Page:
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Tin(II) Enolates in the Aldol, Michael, and Related Reactions

  1. Teruaki Mukaiyama,
  2. Shū Kobayashi

Published Online: 15 OCT 2004

DOI: 10.1002/0471264180.or046.01

Organic Reactions

Organic Reactions

How to Cite

Mukaiyama, T. and Kobayashi, S. 2004. Tin(II) Enolates in the Aldol, Michael, and Related Reactions. Organic Reactions. 46:1:1–103.

Author Information

  1. Science University of Tokyo, Kagurazaka, Shinjuku-ku, Tokyo, Japan

Publication History

  1. Published Online: 15 OCT 2004

Abstract

The element tin has played an increasingly important role in organic chemistry as well as organometallic chemistry, serving as a source of new reagents for selective transformations. The main activity in these fields has been focused for a long time on tin(IV) compounds, and tin(II) compounds have been used primarily as reductants of aromatic nitro compounds to aromatic amines.

During the last decade, generation and reactions of various metal enolates have been extensively studied, and successful applications to the controlled formation of carbon–carbon bonds have been realized under mild conditions. The chemistry of tin(IV) enolates has also been studied and several interesting features of these enolates have been reported, whereas tin(II) analogs were relatively unknown in synthetic organic chemistry, probably because of the lack of general methods for generating them.

In 1979, tin(II) fluoride was employed as a reductant of several α-halocarbonyl compounds and allylic halides to generate tin(IV) species, which subsequently reacted with aldehydes to form new carbon–carbon bonds. When metallic tin was used instead of tin(II) fluoride, similar reactions proceeded smoothly. Because the reducing ability of metallic tin is superior to that of tin(II) fluoride, allyl bromide and α-bromoesters, which could not be reduced by tin(II) fluoride, were easily reduced by metallic tin to generate tin(II) enolates, which in turn reacted with aldehydes to yield homoallyl alcohols or β-hydroxyesters. The latter reaction was the first example of the reaction of tin(II) enolates. More conveniently, tin(II) enolates could be generated directly from ketones by using tin(II) triflate and a tertiary amine under neutral conditions.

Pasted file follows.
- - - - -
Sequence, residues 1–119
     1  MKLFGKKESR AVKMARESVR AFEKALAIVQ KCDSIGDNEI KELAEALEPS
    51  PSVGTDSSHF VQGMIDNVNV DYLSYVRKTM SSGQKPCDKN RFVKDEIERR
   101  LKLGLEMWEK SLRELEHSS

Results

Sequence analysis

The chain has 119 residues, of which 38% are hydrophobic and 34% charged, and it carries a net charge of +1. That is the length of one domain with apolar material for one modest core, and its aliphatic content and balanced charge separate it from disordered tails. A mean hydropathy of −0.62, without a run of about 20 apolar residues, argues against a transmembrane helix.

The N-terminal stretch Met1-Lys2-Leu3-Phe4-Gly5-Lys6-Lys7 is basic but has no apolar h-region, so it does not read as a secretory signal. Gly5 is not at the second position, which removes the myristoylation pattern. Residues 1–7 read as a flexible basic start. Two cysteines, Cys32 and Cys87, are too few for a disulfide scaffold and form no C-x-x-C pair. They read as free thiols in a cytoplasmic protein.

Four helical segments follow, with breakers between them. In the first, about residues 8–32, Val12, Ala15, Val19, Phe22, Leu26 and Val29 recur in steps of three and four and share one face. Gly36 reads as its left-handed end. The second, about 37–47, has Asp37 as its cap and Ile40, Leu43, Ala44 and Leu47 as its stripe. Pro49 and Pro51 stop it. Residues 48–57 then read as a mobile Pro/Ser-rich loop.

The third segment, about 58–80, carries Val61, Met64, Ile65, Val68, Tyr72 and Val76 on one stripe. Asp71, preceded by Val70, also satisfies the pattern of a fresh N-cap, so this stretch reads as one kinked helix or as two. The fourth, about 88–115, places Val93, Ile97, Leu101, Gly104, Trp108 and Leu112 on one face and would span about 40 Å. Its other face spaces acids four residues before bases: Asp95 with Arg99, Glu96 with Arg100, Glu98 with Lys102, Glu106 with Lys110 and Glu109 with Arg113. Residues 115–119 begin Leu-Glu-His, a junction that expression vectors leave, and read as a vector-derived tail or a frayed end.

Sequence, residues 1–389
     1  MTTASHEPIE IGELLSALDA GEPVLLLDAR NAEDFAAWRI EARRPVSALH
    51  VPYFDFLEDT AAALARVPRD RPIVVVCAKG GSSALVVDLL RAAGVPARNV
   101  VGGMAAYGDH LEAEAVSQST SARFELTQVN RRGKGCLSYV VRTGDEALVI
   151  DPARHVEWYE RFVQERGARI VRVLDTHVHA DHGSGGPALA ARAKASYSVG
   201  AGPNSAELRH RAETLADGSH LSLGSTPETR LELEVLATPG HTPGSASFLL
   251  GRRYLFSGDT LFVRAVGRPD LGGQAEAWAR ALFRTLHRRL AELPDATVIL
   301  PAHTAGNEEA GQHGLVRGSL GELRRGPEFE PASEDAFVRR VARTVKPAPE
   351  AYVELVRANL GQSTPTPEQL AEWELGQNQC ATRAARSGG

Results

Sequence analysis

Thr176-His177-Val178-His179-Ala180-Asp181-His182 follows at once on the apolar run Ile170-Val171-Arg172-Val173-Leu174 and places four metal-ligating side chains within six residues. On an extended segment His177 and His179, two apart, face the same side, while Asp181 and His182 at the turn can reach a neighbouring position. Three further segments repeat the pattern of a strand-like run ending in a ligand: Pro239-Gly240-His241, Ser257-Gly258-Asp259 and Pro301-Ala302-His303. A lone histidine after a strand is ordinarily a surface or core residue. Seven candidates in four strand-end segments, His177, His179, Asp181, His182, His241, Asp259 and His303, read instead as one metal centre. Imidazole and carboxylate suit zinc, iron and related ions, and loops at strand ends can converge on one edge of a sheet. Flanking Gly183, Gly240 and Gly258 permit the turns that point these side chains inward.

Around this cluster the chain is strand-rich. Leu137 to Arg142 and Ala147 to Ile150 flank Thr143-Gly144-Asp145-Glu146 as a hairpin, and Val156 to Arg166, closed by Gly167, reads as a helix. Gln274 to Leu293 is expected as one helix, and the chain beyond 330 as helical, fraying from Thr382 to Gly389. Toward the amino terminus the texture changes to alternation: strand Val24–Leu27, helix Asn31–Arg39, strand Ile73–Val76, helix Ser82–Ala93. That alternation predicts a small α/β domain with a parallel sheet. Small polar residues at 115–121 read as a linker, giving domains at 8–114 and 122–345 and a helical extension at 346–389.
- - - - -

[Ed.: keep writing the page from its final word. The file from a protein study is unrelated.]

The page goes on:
While strongly basic conditions are required to prepare lithium enolates, tin(II) enolates can be generated under extremely mild conditions. Tin(II) enolates can behave as interesting chemical species in synthetic reactions that cannot be realized with other metal enolates. One of the characteristic features of tin(II) enolate mediated reactions is a highly enantioselective version employing chiral diamines.

Recent developments in the field of stereoselective aldol reactions have resulted in exploitation of the asymmetric version of this reaction, and several successful methods have been reported using chiral carbonyl compounds and/or chiral enolates. However, the efficiency of these reactions is greatly diminished by the tedious procedures for attachment and removal of the chiral auxiliaries. Thus development of a highly enantioselective aldol reaction between two achiral carbonyl compounds utilizing chiral chelating agents became desirable, though the use of chiral addends in the aldol reaction had not met with much success. Chiral diamines derived from (S)-proline, which are postulated to form rigid cis-fused 5-membered bicyclic structures by chelation to a metal center, were found to be effective ligands for several highly enantioselective reactions. Coordination of a chiral diamine to the metal center of the tin(II) enolate effected highly enantioselective cross aldol and Michael reactions between two prochiral reactants.

This review covers the literatures on tin(II) enolates to the middle of 1991.

Keywords:

  • tin enolates;
  • distereoreactions;
  • aldol reactions;
  • Michael reactions;
  • asymmetric reactions;
  • eantioselective reactions;
  • diastreoselective reactions;
  • scope;
  • limitations;
  • sulfnylation;
  • aldol alkylation;
  • achiral substrates;
  • tin powder;
  • tin chloride;
  • tin triflate;
  • experimental procedures